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Netflix puts end to fumbling, penetrates Scandinavia

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For the first time in a while Netflix has said something that has not crashed its share price, and has lifted it instead: it plans to launch its online movie service in the fourth quarter in the four countries of Scandinavia – Sweden, Norway, Denmark and Finland. It confirmed that the cost of doing so will mean that it makes a small loss for the fourth quarter. Once again the offering will include both local and global content offerings.

The Scandinavian region has about 25 million people in about 11.3 million TV homes, and once it launches there, Netflix will find that much of the content it acquires can be recycled in the Baltics, and parts of central and Eastern Europe. This is because Scandinavian pay TV operators ViaSat and Telenor are also strong in those countries with Scandinavian content. Eventually such a launch will be able to reach the same kind of population as it reached with its UK and Ireland launch, which took in over 60 million people.

For the time being it is closer to half that, although things like pay TV penetration and broadband penetration in Scandinavia are more or less the same or better than the UK, so it should pick up customers at a similar rate. Netflix added 1 million customers in the UK in just six months, despite being up against the Amazon-owned LoveFiLM, which also offers online DVD rental in the UK where it is strongest, but offers online movie services in Scandinavia and Germany as well.

LoveFiLM has managed to go from 1.6 million customers when Amazon bought the company 18 months ago, and it has been slow to acquire more customers and is now generally understood to have added just 400,000 customers in that time, taking it to 2 million. The problem is that its churn is so high. In a third of that time Netflix – with its far simpler online-only offering – has added more than twice as many customers. So it is likely that LoveFiLM still has its PR nightmare to go through, if at some stage it copies Netflix and drops the DVD online rental service or at least separates it so that customers can buy just the online service. The blundering way this move was managed by Netflix last year almost halted its global progress.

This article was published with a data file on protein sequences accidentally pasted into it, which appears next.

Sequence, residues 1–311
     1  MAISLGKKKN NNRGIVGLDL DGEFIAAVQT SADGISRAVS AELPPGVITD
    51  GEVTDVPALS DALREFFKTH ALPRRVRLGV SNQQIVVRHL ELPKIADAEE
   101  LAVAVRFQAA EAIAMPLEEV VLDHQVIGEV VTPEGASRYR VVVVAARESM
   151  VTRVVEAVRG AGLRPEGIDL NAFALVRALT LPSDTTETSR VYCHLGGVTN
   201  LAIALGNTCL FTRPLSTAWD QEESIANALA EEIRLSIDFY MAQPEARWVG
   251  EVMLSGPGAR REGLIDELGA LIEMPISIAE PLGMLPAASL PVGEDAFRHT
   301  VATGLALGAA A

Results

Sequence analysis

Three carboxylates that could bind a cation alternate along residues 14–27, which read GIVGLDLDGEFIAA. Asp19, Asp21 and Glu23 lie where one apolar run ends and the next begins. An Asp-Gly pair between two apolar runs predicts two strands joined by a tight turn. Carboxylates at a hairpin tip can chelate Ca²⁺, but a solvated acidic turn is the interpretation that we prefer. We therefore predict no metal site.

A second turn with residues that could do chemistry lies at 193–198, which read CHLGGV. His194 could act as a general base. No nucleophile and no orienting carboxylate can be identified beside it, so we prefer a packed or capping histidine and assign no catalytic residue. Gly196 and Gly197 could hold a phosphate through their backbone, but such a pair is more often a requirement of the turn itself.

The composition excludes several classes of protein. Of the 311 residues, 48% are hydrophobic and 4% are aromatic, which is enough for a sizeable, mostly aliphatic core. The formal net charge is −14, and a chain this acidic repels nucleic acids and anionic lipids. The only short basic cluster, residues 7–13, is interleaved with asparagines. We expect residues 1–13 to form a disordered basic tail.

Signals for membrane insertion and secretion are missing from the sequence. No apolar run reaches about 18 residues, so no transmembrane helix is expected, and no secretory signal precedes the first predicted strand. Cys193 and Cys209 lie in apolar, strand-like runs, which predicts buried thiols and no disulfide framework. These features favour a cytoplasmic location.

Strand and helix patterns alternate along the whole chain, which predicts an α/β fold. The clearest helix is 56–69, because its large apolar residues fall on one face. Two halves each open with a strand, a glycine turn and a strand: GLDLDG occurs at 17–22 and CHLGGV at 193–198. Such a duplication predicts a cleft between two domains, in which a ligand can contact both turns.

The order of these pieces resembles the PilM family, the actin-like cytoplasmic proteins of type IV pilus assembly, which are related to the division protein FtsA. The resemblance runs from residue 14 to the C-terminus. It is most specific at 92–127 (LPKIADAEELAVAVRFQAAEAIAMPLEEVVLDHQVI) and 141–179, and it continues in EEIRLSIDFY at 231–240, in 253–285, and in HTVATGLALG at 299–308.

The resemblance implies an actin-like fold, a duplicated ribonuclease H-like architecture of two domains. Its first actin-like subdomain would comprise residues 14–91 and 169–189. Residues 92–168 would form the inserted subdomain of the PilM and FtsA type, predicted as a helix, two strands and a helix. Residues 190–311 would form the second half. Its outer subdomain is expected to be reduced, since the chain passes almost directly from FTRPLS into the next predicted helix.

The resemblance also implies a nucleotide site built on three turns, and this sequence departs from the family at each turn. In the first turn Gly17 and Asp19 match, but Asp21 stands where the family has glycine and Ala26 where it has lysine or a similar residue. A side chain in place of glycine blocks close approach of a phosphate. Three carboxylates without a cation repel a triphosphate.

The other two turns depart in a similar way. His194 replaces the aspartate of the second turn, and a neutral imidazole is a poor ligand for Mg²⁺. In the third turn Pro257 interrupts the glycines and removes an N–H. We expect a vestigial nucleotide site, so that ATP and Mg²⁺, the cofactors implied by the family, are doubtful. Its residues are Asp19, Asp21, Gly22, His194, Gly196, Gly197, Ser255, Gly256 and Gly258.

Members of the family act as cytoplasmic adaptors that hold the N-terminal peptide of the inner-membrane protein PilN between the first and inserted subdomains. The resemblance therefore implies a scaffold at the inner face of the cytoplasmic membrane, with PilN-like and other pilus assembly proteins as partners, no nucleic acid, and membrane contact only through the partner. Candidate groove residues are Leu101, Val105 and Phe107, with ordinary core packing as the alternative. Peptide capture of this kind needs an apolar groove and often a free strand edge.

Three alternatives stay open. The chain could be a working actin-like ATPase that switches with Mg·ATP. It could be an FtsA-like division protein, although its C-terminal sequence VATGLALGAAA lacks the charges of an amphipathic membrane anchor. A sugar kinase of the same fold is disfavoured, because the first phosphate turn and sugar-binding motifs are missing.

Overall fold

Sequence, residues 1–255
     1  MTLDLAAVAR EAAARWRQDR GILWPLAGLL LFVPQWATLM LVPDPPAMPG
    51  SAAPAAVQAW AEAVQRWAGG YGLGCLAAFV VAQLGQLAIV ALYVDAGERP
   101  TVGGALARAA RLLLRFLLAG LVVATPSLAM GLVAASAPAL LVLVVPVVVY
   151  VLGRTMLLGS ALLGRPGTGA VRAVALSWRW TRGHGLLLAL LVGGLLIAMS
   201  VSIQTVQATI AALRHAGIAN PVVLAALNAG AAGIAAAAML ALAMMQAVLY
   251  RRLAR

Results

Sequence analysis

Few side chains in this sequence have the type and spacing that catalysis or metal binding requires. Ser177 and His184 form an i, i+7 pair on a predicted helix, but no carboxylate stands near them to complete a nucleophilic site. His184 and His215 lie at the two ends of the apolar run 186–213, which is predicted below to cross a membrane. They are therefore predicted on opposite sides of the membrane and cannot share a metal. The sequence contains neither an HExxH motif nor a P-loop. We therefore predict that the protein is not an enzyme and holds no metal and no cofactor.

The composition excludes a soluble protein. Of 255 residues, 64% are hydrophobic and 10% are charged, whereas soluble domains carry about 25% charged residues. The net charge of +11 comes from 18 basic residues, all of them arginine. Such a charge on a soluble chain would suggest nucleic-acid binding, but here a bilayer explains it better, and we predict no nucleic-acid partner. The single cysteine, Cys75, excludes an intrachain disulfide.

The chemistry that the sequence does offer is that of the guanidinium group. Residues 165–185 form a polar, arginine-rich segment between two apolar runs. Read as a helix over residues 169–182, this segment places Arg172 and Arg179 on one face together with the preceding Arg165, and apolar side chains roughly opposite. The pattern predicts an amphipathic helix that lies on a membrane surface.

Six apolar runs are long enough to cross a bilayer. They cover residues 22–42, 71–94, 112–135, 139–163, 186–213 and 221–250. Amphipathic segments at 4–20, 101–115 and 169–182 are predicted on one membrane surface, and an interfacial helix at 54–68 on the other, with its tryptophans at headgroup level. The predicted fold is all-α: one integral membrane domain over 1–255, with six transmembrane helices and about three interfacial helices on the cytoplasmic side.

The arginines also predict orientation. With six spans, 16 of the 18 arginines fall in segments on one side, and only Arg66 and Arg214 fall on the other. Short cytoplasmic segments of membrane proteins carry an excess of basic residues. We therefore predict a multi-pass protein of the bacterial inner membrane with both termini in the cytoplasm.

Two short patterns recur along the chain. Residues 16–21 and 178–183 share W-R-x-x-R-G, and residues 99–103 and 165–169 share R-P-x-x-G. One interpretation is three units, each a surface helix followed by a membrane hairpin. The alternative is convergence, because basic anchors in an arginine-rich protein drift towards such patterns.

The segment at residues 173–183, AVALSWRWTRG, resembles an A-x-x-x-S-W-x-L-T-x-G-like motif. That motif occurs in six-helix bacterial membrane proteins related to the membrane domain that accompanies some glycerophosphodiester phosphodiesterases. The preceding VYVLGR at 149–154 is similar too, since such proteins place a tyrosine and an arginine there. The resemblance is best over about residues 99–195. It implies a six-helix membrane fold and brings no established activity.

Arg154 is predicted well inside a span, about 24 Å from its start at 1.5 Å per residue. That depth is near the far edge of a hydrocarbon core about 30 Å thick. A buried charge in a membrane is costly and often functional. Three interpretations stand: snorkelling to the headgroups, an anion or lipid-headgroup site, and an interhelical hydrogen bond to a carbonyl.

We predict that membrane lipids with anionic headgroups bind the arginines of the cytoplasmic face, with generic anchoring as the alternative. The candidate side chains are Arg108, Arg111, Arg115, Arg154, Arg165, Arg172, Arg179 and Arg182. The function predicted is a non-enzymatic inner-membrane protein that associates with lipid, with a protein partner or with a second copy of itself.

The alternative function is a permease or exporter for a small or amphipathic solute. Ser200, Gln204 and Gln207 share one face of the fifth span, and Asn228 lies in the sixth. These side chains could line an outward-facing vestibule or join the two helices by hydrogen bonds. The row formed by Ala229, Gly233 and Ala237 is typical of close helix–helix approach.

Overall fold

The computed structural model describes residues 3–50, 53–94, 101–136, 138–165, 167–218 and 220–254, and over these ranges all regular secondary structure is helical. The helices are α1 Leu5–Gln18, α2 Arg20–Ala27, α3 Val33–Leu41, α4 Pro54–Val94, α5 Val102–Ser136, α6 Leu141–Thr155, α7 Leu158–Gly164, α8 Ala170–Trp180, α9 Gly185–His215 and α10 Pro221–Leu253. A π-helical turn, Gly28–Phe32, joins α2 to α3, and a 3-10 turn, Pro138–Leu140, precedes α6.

If Netflix successfully adds 50 per cent more territory with the move into Scandinavia, it could easily overtake LoveFilM in another six months and certainly by the middle of 2013 – and that‘s without adding the 82 million inhabitants of Germany to its target market, something it is sure to attend to in the coming year or so.

There are other online movie services in Europe, as well as some online DVD rental services, notably in France, but none that have over 1 million remaining subscribers, and the biggest block to Netflix gains are TV Everywhere services from the pay TV community, which just reached 130 million homes in Europe

Netflix began streaming in the US over four years ago and has managed to acquire 24 million US streaming customers, with another 3.6 million in Canada, the UK and Latin America. We always thought that launching in Latin America before Europe was a mistake due to the lower penetration of fixed line broadband and the rampant counterfeit movie market there. Its strategy since arriving in Europe has been sound and more successful, and it is now being seen by financial analysts as chasing LoveFiLM from market to market in order to deliberately undermine it.

We have asked before and will ask again: why doesn't Amazon just simply buy Netflix, rather than compete with it, especially now that the Netflix share price makes it a snip, which it could win even in a proxy war for a tad over a $4bn premium on the $3.5bn valuation it has today. Netflix said at its results call in late July that the effort of a new international market would bring it a loss in the fourth quarter, due to what at the time was an unnamed territory launch in Europe.

Its run rate last quarter showed it acquiring over half a million international streaming customers a quarter, a rate that will go up, as well as a similar rate in the US, although this is known to be seasonal. That makes around 1 million new streaming customers each quarter... and rising.

Although this news will confirm that Netflix is going to continue spending all of its profits for the foreseeable future on original and new content, as well as international launches, the stock still managed to rise a few percent on the news, as it was upgraded by a number of US equity analysts, including Bank of America.

Copyright © 2012, Faultline

Faultline is published by Rethink Research, a London-based publishing and consulting firm. This weekly newsletter is an assessment of the impact of the week's events in the world of digital media. Faultline is where media meets technology. Subscription details here.

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